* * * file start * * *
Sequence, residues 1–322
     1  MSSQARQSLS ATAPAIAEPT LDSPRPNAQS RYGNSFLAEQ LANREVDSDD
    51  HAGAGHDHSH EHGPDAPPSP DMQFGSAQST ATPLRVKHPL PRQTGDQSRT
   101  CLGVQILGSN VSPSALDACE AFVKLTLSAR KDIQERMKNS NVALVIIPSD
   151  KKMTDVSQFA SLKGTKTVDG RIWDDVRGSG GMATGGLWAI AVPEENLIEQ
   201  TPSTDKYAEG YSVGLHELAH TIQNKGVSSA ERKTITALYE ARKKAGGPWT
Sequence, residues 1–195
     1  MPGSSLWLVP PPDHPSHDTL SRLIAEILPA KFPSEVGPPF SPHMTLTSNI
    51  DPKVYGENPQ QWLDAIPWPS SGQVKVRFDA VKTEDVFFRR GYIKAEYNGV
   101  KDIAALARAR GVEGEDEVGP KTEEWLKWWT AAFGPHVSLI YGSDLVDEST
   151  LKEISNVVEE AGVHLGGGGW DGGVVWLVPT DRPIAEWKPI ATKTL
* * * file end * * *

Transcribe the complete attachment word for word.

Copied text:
Sequence, residues 1–322
     1  MSSQARQSLS ATAPAIAEPT LDSPRPNAQS RYGNSFLAEQ LANREVDSDD
    51  HAGAGHDHSH EHGPDAPPSP DMQFGSAQST ATPLRVKHPL PRQTGDQSRT
   101  CLGVQILGSN VSPSALDACE AFVKLTLSAR KDIQERMKNS NVALVIIPSD
   151  KKMTDVSQFA SLKGTKTVDG RIWDDVRGSG GMATGGLWAI AVPEENLIEQ
   201  TPSTDKYAEG YSVGLHELAH TIQNKGVSSA ERKTITALYE ARKKAGGPWT
Sequence, residues 1–195
     1  MPGSSLWLVP PPDHPSHDTL SRLIAEILPA KFPSEVGPPF SPHMTLTSNI
    51  DPKVYGENPQ QWLDAIPWPS SGQVKVRFDA VKTEDVFFRR GYIKAEYNGV
   101  KDIAALARAR GVEGEDEVGP KTEEWLKWWT AAFGPHVSLI YGSDLVDEST
   151  LKEISNVVEE AGVHLGGGGW DGGVVWLVPT DRPIAEWKPI ATKTL